Methadone was first developed by German Doctors during World War II in an effort to provide a reliable drug to treat the German soldiers who had chronic pain. The drug has since then spread to the rest of the world. It’s currently used medically to treat acute pain and help patients suffering from opioid abuse to recover without experiencing the intense side effects associated with drug withdrawal.
Understanding Methadone: Its Chemical Composition and Use
Methadone is synthetically manufactured and belongs to the opioids class of drugs. Unlike other opioid drugs, methadone does not have severe side effects and it is thus prescribed to patients suffering from opioid addiction. Though the drug is strictly meant for prescription purposes, it is still abused either through intentional overdose or through illicit use. If overdosed, this drug gives the same effects as those of other opioid drugs.
Once introduced to the body, the methadone molecules bind to the opioid receptors thus activating them. The result is slowed neural signal transmission, which reduces the ability of the brain to sense pain. On the surface, the resulting effects of methadone intake resemble those of any other opioid intake. But the intensity of these effects is lower in methadone, which makes it a preferred drug for those patients undergoing heroin and morphine withdrawal program.
Conditions Which May Necessitate Methadone Prescription by a Physician
1. Manage Craving for other Opioids
Patients suffering from opioid abuse experience severe withdrawal symptoms when they stop taking these drugs. To help patients recover from this craving, physicians may prescribe methadone as an alternative drug to manage those cravings. The drug is issued under strict dosages, its effects are carefully monitored, and patients examined regularly. After taking a stable dose of methadone for some time, the doctor will then initiate a methadone taping program. This program involves an intake of gradually decreasing doses of methadone until the patient overcomes the drug dependency.
2. Relief Chronic Pain
Methadone is a powerful pain reliever. This said, the drug can’t be distributed through Over-the-counter arrangements but can only be prescribed for severe pain conditions. These conditions include the pain experienced after surgery, for cancer palliative care, and other situations which the physician may deem appropriate.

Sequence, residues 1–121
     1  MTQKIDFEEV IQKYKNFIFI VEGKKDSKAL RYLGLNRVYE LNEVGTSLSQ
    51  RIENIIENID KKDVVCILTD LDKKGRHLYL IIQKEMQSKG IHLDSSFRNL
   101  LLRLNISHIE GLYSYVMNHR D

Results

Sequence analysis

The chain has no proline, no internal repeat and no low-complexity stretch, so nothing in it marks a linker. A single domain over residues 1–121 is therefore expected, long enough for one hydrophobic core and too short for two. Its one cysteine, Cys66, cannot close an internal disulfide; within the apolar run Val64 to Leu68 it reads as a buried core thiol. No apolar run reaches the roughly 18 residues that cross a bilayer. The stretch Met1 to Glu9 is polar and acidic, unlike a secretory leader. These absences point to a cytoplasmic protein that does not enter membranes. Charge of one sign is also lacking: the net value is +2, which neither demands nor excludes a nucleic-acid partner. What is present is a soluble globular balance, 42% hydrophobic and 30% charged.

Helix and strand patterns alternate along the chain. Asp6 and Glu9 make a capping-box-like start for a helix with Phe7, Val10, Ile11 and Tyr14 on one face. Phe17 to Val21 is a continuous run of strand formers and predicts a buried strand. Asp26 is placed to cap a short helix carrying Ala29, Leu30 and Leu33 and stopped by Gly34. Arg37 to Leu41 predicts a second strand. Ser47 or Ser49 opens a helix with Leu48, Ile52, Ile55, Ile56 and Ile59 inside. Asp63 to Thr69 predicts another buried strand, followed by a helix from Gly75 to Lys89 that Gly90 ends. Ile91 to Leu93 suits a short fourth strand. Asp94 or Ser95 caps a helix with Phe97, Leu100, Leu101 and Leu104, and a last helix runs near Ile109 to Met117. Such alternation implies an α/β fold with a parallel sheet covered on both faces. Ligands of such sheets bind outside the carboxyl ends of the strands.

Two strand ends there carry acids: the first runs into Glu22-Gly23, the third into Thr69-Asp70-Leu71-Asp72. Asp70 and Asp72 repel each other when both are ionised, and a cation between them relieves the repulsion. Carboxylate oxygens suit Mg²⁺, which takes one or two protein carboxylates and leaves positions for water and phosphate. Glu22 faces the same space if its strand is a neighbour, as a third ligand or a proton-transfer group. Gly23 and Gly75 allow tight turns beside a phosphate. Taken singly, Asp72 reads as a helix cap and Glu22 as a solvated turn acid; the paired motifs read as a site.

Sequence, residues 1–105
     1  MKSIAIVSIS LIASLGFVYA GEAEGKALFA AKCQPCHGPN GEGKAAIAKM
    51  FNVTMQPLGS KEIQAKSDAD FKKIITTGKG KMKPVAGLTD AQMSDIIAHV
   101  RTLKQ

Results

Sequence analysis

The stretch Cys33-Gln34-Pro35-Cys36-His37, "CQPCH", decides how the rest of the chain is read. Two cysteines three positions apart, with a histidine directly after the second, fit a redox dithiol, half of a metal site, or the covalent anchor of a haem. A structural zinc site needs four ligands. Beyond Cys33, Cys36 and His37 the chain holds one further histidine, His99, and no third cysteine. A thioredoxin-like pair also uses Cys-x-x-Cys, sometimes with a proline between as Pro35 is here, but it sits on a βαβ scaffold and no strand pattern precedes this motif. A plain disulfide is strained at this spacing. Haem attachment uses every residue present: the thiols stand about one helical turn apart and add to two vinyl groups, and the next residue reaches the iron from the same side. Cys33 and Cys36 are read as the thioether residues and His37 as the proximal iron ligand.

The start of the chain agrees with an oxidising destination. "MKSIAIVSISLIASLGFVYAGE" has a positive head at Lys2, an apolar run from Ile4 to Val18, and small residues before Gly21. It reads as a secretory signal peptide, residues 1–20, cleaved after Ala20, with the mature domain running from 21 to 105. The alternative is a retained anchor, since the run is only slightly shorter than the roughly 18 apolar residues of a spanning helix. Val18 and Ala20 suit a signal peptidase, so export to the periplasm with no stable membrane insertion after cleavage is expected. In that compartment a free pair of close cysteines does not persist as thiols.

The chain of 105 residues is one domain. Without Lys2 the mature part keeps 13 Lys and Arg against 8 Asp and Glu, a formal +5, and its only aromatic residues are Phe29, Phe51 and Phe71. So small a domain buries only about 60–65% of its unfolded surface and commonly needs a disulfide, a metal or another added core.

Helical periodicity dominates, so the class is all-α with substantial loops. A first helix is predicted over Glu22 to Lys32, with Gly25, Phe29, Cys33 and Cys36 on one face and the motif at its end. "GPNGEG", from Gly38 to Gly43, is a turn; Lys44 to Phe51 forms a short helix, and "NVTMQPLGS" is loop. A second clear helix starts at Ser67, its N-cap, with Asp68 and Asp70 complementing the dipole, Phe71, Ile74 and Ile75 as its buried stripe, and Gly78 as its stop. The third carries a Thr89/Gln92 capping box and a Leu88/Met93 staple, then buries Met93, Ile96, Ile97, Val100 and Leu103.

Methadone stays in the body for a long period of time and thus it can easily be abused by frequent uptakes. To prevent METHADONE ABUSE, patients under methadone treatment are advised to stay under the close supervision of a physician. In fact, excessive intake of methadone can be fatal and thus every precaution should be taken when administering the drug to patients suffering from acute pain.
Short-Term Effects of Methadone on the Brain and the Body
The short-term effects of methadone are not as pronounced as those of other opioid drugs. But an overdose of this drug may display the same effects identifiable with morphine and heroin intake.
Sedation results from the decreased ability of the brain to sense pain and external stimuli. It could be effective in controlling acute pain, but can as well result in other undesirable effects such as euphoria.
2. Mood Swings
Mood swings result from chemical and hormonal imbalances. Methadone has been shown to interfere with the chemical and hormonal control system within the body. These mood swings manifest alongside other effects such as nausea and depression.
3. Decreased Rate of Physiological Processes
The slowed brain-body coordination resulting from the activation of the opioid receptors affect multiple physiological processes. These effects include reduced heart rate which lowers the blood pressure, reduced rate of digestion leading to constipation, and shallow breathing which may lead to shortness of breath and sweating.
4. Death Due to Overdose
An overdose of methadone will lead to further exacerbation of the above effects which will consequently lead to death. It’s, therefore, important to seek medical help when you experience an excessive manifestation of the above symptoms. Timely medical intervention can save your life and the life of your loved ones.
Long Term Effects
1. Cardiovascular Complications
There is a myriad of cardiovascular complications which may result from long-term methadone abuse. Some of them include reduced blood pressure, strokes, and irregular heart rate. Those who inject the drug through the skin may as well suffer from collapsed veins, impairing effective blood circulation.
2. Reduced Cognitive Ability
Continuous and excessive intake of methadone affects the brain’s ability to retain information. It often results in reduced cognitive ability and frequent memory lapses.
3. Impaired Judgment
Chronic mood swings and depression are key factors which lead to impaired judgment. Long-term and excessive abuse of this drug will lead to impaired judgment, which can result in adverse behavioral tendencies. These tendencies include violence, fists of rage, and even suicidal feelings.
4. Risk of Physical Dependence
Like any other opioid, methadone is addictive and may lead to physical dependence. On the good side, this drug may not have severe withdrawal symptoms as compared to other opioid drugs such as heroin and morphine.
Methadone is a slow-acting opioid. If used under medical prescription and supervised by qualified physicians, the drug can help those suffering from heroin and morphine withdrawal to manage their symptoms successfully. It is also a potent painkiller but can only be administered for specific pain conditions. For you to benefit from the positive effects of this drug and avoid unnecessary side effects, it’s important to follow the prescription strictly and consult your doctor whenever you experience an adverse effect.